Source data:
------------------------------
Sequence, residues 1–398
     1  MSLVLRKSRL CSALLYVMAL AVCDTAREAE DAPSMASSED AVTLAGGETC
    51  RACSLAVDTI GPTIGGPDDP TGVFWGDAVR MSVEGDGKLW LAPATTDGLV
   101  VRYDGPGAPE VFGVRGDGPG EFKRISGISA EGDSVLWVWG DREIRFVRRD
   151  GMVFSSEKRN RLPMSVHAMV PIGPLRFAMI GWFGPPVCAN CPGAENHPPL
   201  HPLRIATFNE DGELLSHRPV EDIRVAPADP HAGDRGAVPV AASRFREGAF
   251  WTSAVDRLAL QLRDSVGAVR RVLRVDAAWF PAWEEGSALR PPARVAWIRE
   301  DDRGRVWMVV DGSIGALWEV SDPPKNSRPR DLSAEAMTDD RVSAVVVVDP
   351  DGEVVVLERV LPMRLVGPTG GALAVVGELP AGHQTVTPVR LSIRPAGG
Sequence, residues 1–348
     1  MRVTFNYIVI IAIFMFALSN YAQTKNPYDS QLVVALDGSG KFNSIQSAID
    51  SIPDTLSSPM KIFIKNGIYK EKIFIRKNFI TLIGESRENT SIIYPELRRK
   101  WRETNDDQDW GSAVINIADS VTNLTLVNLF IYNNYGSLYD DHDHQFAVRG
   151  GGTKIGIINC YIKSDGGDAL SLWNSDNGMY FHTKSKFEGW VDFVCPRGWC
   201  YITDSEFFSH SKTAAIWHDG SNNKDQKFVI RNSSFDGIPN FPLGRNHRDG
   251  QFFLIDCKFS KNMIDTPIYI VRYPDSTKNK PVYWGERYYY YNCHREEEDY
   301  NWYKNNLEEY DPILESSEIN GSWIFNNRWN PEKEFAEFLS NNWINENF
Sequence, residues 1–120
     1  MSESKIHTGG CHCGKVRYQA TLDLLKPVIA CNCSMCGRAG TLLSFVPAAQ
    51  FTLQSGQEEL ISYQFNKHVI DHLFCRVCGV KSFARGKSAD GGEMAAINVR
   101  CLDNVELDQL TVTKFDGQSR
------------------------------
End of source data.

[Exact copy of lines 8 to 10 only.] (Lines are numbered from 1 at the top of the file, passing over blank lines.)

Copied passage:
   301  DDRGRVWMVV DGSIGALWEV SDPPKNSRPR DLSAEAMTDD RVSAVVVVDP
   351  DGEVVVLERV LPMRLVGPTG GALAVVGELP AGHQTVTPVR LSIRPAGG
Sequence, residues 1–348